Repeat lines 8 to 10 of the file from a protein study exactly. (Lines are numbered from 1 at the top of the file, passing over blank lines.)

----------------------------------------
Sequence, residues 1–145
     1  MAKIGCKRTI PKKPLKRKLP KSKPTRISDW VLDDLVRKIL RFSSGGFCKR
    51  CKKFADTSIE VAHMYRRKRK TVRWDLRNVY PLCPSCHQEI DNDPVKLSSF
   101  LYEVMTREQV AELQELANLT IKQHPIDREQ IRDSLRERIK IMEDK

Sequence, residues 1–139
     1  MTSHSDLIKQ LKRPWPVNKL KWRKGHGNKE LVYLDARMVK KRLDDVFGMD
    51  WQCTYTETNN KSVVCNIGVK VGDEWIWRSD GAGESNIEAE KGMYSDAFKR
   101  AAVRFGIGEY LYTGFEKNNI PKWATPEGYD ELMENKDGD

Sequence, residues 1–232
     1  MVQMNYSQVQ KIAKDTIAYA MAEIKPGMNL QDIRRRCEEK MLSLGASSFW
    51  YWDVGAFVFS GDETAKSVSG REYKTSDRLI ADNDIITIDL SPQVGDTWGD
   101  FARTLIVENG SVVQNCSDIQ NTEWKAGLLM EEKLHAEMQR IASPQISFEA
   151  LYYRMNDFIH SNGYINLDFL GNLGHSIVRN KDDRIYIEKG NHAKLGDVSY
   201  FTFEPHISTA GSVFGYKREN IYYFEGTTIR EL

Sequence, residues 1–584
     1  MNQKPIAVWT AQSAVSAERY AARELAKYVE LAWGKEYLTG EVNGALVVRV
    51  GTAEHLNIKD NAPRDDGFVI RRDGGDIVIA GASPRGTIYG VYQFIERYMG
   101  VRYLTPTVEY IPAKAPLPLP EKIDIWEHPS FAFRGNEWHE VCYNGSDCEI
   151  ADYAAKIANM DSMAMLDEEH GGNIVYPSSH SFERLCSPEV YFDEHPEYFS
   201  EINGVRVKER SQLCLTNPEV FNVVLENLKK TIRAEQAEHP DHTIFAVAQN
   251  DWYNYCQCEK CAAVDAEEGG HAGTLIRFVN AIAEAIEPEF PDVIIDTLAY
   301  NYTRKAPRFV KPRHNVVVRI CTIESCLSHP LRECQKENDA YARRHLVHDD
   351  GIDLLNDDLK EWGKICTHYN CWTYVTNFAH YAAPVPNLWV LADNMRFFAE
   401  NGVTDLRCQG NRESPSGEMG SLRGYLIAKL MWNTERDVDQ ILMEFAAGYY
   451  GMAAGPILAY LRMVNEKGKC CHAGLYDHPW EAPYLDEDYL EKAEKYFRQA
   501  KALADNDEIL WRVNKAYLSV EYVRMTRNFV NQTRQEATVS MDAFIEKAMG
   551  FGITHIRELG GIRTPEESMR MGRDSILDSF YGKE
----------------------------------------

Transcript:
   101  AAVRFGIGEY LYTGFEKNNI PKWATPEGYD ELMENKDGD

Sequence, residues 1–232
     1  MVQMNYSQVQ KIAKDTIAYA MAEIKPGMNL QDIRRRCEEK MLSLGASSFW